By A PCMH Community Parent
As a parent of a ‘that child’, I experience a lot of situations and encounters that most parents may not understand. My son, the boy who is not invited to birthday parties, sleep overs or play dates because of his behaviour challenges, is someone whom I adore, love and tirelessly parent on a day-to-day basis. I understand him better than he himself does and work relentlessly as an advocate for him—both in the school and out. I am offered plenty of unsolicited parenting ‘advice’ from people we meet—in the grocery store, in the parking lots, and sometimes from my own family. I used to get frustrated with the comments, and often had to bite my tongue so as not to offend anyone. Now though, after years of learning about him and his diagnoses (a total of 5 now, including ADHD, ODD, CAPD, SPD and LDs) and a few years of advocating for him in both educational and social encounters, I’ve managed to gain some diplomacy when handling other people and their views/thoughts/words about my son. I’ve learned that people only know what they know, and I often see these ‘encounters’ as an opportunity to educate them—whether they’re willing to actually listen or not. I’ve learned that my sense of humour helps me to survive those rather difficult situations (among many other parenting moments!) and that the best I can do is to educate, advocate and support. Here are some examples, written on my Facebook timeline, from moments in time and encounters I’ve had that I share with everyone I know to help decrease the stigma surrounding the challenges my son faces and to help educate all about those who live in this world around us, who may need our support and love, not judgment.
An ODD Tale from the Front Line . . .
This school year has been a turbulent one so far, as my son is still adjusting to his new teacher. Every time my cell rings and the school number comes up, I hold my breath and think, 'What now . . .'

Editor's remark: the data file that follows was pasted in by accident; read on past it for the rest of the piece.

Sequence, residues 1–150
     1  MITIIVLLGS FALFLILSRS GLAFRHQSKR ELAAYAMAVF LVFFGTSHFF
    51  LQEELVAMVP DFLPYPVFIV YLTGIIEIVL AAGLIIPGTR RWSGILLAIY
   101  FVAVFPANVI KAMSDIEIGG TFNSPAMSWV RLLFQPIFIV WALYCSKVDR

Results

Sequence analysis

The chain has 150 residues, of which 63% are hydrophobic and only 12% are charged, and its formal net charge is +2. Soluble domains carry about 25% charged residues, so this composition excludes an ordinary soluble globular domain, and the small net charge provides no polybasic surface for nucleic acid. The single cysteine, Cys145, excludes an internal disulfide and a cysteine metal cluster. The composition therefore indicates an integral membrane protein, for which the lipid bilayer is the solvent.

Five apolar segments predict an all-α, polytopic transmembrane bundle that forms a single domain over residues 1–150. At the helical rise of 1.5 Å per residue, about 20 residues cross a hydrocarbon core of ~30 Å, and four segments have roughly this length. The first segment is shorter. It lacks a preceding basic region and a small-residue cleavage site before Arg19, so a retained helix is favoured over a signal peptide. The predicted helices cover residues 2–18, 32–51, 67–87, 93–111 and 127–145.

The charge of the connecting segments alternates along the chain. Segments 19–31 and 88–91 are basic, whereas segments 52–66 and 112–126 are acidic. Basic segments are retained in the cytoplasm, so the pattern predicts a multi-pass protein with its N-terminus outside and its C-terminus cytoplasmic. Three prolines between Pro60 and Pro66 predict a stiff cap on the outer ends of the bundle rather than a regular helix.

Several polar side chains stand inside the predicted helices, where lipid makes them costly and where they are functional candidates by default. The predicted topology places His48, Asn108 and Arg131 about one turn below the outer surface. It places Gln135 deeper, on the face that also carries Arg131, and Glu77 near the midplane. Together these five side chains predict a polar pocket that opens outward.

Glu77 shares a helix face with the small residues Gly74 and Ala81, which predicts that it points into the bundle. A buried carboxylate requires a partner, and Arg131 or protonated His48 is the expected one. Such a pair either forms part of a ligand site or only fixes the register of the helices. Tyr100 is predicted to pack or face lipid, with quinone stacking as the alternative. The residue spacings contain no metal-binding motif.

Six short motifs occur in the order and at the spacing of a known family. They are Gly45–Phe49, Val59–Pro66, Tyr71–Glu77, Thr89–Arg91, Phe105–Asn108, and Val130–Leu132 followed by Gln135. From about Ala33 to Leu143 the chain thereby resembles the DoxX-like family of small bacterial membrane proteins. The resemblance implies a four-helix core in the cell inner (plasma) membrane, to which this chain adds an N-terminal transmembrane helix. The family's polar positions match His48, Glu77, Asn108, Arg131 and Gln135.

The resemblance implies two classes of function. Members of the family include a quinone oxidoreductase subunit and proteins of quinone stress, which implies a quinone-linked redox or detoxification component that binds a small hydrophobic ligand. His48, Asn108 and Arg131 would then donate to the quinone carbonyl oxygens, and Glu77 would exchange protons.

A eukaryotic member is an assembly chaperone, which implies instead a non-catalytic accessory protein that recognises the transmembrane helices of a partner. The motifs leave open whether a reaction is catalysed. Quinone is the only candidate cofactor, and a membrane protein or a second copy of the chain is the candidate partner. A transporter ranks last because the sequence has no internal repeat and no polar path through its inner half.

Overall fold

Recently, they called to talk about the challenges he had with a supply teacher. Here's how the conversation went (I kid you not):
Teacher: Your son had a really hard time with the supply teacher the other day.
Me: (big sigh) That doesn't surprise me (it's true – my son and supply teachers go together like vinegar and baking soda. It's not a big shock to me that it didn't go well).
Teacher: Especially during the math quiz though.
Me: Uh oh. What exactly happened?
Teacher: He ate it.
Me: (Looooooooong pause) He ate what?
Teacher: He ate the test. Right in front of the supply teacher. He ate all four pages.
Me: (at this point, I can't suppress the giggles anymore. They come spilling out of me and I just can't stop).
Teacher: It wasn't a laughing matter.
Me: Sorry (giggle, giggle) Of course not. (It's at this point where I realize they're not laughing too, and taking this very seriously. Time to shed some light/humour on this situation). What was the test on?
Teacher: 4 X's Table
Me: And he ate it? Right in front of the teacher? (Can she not see the irony in that?)
Me: That would have required a considerable amount of energy to do. (More giggling - I seriously cannot stop.)
Teacher: It's hard to test him if he eats the test.
Me: (more giggling) Yes, it would be. Maybe testing him orally would be more appropriate? No pun intended (oh yeah, I totally intended that one)
And that was the end of that conversation. Sometimes I think they're thrown off by my reactions—which is to usually laugh at these things. It's not only great medicine for myself and the situation, but it helps me not take my son so seriously. I mean - who eats their test? The more I think about it, the more I think how different that situation would have been if the teacher had the same sense of humour. Perhaps the teacher could have asked how many pages he ate? Perhaps he could have asked him how many pages would have been eaten if he and 4 friends all ate their tests? See where I'm going with this? There are learning there—somewhere—we just have to be a bit creative and resourceful, and see past the 'behaviour' part. Yes, it would have been shocking to see—but that's why he was doing it—for the pure shock value. If we just skip over that shock part and look for the learning or the value of the situation, then we all win. If we could just use a sense of humour more often, then dealing with these stressful little ODD scenarios isn't all that bad. What a good life lesson that would be for all of us!